Macbeth's Spectacle

Macbeth's Spectacle

A Story by 50centdolly
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So, this one, I recently did for school. I had to pick a scene from Macbeth and re-write it in to a narrative. I chose Macbeth's coronation banquet when he see's Banquo's ghost.

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Upon entering the main dining hall, I encounter a beautiful scene that lay before my eyes. The wall to my right is almost completely glass, sunlight decorating the room with glowing streamers. The rays fall directly on the long, dark oak table, bouncing off the elaborate silver dishes " their contents filling the room with a stomach rumbling aroma. The voices of a few early guests, who talk in small groups around the table, echo softly against the walls. The room is lined with large portraits of previous rulers; a string of their heraldic shields can be seen above them. The echoing voices mingle with the sweet melody of a piano, violin, cello, and flute being played in the far-left corner of the room

I enter with King Macbeth and a few lords to my right; Lady Macbeth and Ross to my left. Macbeth speaks to the lords.

“You know your own ranks, so you know where to sit. Sit down. From the highest to the lowest of you, I bid you a hearty welcome.”

The lords nod their heads and, with smiles, do as they were told quickly. A man enters the room and Macbeth pales slightly before striding over to him, leaving us standing where we are. The man and Macbeth converse in hushed voices for a few exchanges before the man leaves once more. Lady Macbeth saves us from standing awkwardly in our spot any longer.

“My royal lord, you’re not entertaining the guests! Come, let us eat and not stand here.” Then to us, “Please take a seat.” Lady Macbeth extends her hand to the three unclaimed seats. Ross and I bow our heads respectively before we sit down; Ross is to my left.

“Yes, of course, thank you for reminding me,” Macbeth smiles and begins to walk over to the table until he stops suddenly and pales another time " a mixture of expressions fight to lay claim on his face before disappointment wins.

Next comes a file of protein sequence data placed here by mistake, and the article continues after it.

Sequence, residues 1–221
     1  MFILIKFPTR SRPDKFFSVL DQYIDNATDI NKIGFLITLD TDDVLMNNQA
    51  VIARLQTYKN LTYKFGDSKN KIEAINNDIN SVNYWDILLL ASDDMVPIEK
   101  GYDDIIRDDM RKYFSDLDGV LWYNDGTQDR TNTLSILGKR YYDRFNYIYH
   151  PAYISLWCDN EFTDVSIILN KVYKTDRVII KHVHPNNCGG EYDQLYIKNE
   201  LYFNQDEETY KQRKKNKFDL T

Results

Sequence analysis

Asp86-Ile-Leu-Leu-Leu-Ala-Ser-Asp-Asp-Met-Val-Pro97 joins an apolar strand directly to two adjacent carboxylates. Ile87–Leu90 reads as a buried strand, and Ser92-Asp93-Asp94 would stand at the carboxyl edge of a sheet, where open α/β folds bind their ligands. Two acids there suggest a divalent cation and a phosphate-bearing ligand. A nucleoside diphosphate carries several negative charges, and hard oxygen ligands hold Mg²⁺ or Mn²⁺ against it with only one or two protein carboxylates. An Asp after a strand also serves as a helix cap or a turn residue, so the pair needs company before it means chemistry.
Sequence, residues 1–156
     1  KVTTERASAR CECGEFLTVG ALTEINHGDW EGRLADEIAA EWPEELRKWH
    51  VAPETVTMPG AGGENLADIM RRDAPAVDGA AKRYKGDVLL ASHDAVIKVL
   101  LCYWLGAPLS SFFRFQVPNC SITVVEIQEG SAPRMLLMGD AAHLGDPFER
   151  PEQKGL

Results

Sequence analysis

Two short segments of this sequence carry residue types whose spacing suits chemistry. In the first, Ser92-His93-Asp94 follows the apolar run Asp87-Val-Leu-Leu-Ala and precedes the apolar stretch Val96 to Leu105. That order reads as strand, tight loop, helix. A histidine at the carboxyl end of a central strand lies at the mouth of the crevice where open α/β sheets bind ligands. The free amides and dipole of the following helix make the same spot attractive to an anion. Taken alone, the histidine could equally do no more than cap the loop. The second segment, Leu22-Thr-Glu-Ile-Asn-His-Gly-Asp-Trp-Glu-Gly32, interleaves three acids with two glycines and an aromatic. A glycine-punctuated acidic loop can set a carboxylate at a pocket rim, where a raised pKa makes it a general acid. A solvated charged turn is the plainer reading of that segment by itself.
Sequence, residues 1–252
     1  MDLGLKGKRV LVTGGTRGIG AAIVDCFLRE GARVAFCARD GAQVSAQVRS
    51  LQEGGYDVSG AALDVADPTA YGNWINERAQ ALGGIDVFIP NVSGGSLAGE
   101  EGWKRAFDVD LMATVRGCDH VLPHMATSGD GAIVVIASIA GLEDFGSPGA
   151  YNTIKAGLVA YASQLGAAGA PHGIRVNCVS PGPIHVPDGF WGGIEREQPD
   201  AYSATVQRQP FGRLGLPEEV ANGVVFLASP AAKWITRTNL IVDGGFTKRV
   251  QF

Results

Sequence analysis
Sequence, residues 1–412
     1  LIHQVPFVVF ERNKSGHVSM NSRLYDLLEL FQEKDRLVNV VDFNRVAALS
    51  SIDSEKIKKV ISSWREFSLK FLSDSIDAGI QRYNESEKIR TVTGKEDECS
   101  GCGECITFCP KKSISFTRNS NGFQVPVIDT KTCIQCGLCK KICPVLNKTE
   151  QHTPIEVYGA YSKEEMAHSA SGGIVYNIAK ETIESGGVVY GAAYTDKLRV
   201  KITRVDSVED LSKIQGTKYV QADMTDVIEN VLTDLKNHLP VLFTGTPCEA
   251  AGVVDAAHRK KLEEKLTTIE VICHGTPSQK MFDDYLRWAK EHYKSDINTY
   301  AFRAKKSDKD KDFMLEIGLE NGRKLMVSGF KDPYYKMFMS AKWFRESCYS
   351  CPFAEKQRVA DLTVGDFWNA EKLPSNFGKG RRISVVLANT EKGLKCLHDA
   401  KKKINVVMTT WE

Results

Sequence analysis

“Why don’t you have a seat, your highness?” I inquire.

“If Banquo were here, we would have all the nobility of Scotland gathered under a single roof. I hope he is only late, not in trouble…” Macbeth trails off in thought.

Ross sighs harshly, annoyed at Macbeth’s disappointment, “His absence means he’s broken his promise, sir. If it pleases you, your highness, why don’t you sit with us and grace us with your royal company?” It takes Ross obvious effort not to sound rude. He rolls his eyes slightly when Macbeth continues.

“The table’s full.”

Confused by this remark, I motion to the empty seat next to me, “Here’s an empty seat, sir.”

“Where?”

I motion again, pointing, “Here, my good lord.” Concern crossing over my features, I ask, “Is everything alright?”

Macbeth suddenly gets angry; the sun hides behind a cloud at that moment, darkening the once bright room. The guests have picked up on the scenario and have gone silent. The musicians, oblivious to what is going on, continue playing " their song growing into a darker part of the melody. The room stills as the conversation pans out.

“Which one of you,” Macbeth forces through his teeth, “did this?”

The lords along the table develop confused expressions, mirroring my own, and murmur amongst themselves.

One of them speaks up, “What, my good lord?”

Seeming to not have heard the question, Macbeth continues to glare at the empty seat next to me, “You can’t say I did it. Don’t shake your bloody head at me.” Macbeth is practically yelling by the time he’s done. I start to get uncomfortable the longer he glares at the empty seat next to me. On my other side, Ross stands up, concerned about the king.

“Gentlemen, stand up. His highness is not well.”

Instantly, the whole of the table stands up. This earns us all a passive wave of the hand from Lady Macbeth.

“Please, sit down, worthy friends. My husband is often like this, and he has been since he was a child. Please stay seated. This will only be brief and he will be himself in a minute.” Despite her reassurances, doubt flashes across her face as she glances at the standing Macbeth before smiling warmly at her guests. I take my seat once more and, standing, Lady Macbeth speaks to her husband quietly, trying to get him out of his so-called fit. I don’t think that is what it is like she says. In fact, I don’t even know what is going on and, by the looks of it, no one else does either.